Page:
The Texas swinging “Maybe Someday” adds Delbert’s harp, as the band shifts into overdrive, Wise again powers another strong sax break here. McClinton concludes his set with a percolating “B-Move Box Car Blues.” Delbert introduces the Iceman – Master of the Telecaster Albert Collins who shreds his signature “Frosty” with Stevie Ray and Jimmie Jimmie. What a photo-op it is to see all three guitarists standing side by side by side. Stevie Ray fires solidly as does brother Jimmie, of course Collins takes his customary (but short) stroll through the crowd and plays his butt off, perhaps scaring a few of the political dignitaries, Reese Wynans also explodes on B3. SRV takes over with the bone-chilling straight blues of Larry Davis’ “Texas Flood.” This is classic with Stevie Ray closing his eyes, playing his guitar over his head, behind his back and just letting go, even when he breaks strings, he gets a new guitar and picks up where he left off and explodes, as he expounds “that’s blues for Texas!” “Lovestruck Baby” is all pedal to metal, Stevie calls out to Wynans “get it Reese” who switches to piano and erupts, Jimmie tears a new one here too, man this is hot, especially when Stevie puts his hat on the microphone and jams! Stevie introduces his entire band (though Jimmie’s disappeared) and they rip into (another Stevie) Wonder’s “Superstition” where the only weird thing is the cameraman’s poor judgment of filming the hall that’s now mostly empty, but this doesn’t bother SRV who continues to wail. They close with a short “Scuttle Buttin’,” as Stevie “thanks to all Americans of the world,” reminding us “that we’re all alive because of the grace of God.” Eerily Stevie tragically passed (about one and a half year later) in a helicopter crash after a concert on August 27th, 1990. Additional weirdness; the man largely responsible for this evening Lee Atwater died on March 29th, 1991 from a brain tumor. Say what you want about Atwater, but this terrific evening was all about Atwater’s love and appreciation of the music. Just listen to the closing audio (with the complete text of musician credits) of Koko Taylor singing “Let the Good Times Roll” and remember what a memorable night it was, and nothing more.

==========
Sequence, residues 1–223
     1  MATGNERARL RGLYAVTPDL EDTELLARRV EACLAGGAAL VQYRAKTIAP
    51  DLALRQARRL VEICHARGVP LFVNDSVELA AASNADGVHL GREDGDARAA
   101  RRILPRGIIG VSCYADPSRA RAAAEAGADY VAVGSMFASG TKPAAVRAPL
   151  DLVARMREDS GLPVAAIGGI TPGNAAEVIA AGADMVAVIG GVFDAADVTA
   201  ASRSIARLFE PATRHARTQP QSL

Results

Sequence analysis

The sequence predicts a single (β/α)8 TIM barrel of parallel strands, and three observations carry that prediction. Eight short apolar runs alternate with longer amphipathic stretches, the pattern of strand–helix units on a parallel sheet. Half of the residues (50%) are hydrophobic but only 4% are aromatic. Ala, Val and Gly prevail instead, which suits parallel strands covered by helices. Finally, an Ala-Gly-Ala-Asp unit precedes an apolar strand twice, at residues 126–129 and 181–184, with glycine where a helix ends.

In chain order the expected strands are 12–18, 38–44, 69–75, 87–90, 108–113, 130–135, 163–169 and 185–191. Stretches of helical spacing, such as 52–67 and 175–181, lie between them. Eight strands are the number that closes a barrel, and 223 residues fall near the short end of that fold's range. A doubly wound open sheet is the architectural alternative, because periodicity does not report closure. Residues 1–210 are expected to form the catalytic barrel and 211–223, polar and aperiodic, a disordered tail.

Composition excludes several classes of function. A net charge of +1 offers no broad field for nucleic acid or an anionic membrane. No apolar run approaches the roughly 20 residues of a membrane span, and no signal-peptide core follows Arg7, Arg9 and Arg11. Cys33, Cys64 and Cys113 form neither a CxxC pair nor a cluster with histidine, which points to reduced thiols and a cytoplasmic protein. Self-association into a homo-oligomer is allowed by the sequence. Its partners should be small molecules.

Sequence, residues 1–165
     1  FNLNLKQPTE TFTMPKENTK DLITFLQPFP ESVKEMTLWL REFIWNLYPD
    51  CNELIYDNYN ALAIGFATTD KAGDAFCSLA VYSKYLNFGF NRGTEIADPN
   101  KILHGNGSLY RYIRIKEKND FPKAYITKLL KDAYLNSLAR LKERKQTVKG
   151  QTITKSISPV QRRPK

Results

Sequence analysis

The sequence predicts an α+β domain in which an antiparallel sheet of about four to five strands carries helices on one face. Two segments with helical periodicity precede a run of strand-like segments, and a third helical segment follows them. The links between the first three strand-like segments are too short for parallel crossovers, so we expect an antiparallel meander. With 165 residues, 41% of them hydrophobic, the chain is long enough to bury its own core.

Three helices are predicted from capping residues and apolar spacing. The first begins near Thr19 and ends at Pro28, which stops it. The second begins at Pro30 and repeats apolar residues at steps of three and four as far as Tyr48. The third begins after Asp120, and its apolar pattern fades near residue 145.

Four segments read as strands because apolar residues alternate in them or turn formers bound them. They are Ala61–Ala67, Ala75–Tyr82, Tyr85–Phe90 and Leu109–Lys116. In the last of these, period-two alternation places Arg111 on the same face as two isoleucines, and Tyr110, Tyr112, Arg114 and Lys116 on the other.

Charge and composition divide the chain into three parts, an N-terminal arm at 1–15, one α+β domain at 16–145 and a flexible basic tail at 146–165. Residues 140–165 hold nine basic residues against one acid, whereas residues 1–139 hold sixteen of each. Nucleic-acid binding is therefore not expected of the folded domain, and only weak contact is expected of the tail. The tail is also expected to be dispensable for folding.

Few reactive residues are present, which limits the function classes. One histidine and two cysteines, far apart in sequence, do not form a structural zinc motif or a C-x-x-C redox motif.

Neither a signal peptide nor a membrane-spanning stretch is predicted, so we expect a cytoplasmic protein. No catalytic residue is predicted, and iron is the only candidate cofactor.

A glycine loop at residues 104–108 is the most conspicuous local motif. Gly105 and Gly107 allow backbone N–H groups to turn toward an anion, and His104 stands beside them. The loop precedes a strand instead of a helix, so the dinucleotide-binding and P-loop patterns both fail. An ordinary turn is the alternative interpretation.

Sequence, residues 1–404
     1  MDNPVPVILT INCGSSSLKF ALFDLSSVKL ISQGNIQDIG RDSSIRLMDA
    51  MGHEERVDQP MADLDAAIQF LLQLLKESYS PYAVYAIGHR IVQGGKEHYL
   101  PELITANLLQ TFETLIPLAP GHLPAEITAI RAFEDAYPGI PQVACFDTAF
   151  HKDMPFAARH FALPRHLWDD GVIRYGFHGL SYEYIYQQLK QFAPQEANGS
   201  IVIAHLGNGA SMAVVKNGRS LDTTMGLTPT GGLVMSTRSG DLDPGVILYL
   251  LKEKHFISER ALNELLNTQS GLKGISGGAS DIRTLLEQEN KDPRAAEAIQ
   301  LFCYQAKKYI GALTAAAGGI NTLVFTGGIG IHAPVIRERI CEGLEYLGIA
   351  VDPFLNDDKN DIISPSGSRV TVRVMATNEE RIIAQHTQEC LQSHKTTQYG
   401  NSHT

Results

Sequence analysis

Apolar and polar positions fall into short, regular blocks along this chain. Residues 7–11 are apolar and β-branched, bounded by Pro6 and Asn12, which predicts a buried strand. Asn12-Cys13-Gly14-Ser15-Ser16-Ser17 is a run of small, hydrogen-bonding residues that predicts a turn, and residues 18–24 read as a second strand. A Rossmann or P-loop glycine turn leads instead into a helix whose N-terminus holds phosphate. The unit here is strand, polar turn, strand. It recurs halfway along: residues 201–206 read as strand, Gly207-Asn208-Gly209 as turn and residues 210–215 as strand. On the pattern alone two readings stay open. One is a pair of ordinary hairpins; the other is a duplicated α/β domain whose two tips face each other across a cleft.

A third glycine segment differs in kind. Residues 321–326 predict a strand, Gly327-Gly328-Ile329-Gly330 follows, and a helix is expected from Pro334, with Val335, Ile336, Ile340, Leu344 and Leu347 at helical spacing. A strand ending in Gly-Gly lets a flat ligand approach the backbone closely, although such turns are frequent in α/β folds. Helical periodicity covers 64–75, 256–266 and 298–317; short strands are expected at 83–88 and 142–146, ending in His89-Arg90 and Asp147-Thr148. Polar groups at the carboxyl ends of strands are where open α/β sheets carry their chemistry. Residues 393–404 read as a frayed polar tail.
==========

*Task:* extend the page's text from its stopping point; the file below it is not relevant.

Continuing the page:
So there you have it, well recommended for fans of blues, rhythm and blues, and southern soul: “A Celebration of Blue and Soul: The 1989 Inaugural Concert” should more than float you boat. Note: What is greatly appreciated and unusual for many current DVD’s is the wonderful twentyeight page booklet with mega behind the scenes (too lengthy to describe here) tidbits of this very special concert in Washington D.C. Kudos to Shout Factory for contracting Peter Guralnick and Richard Harrington to opine about this show, as well as other very interesting factoids that didn’t make it onto this DVD. Long story short: This DVD is highly recommended for repeated viewings. Lastly, and personally speaking: (even though it’s not announced) I’d love to see a CD audio release of this powerhouse performance made available as well.
Bob Putignano has for fifteen years been pivotal at WFDU with his Sounds of Blue radio show: www.SoundsofBlue.com – Previously a senior contributing editor at Blues Revue, Blueswax, and Goldmine magazines, and Music Editor for the Westchester Guardian. Putignano can be contacted at: firstname.lastname@example.org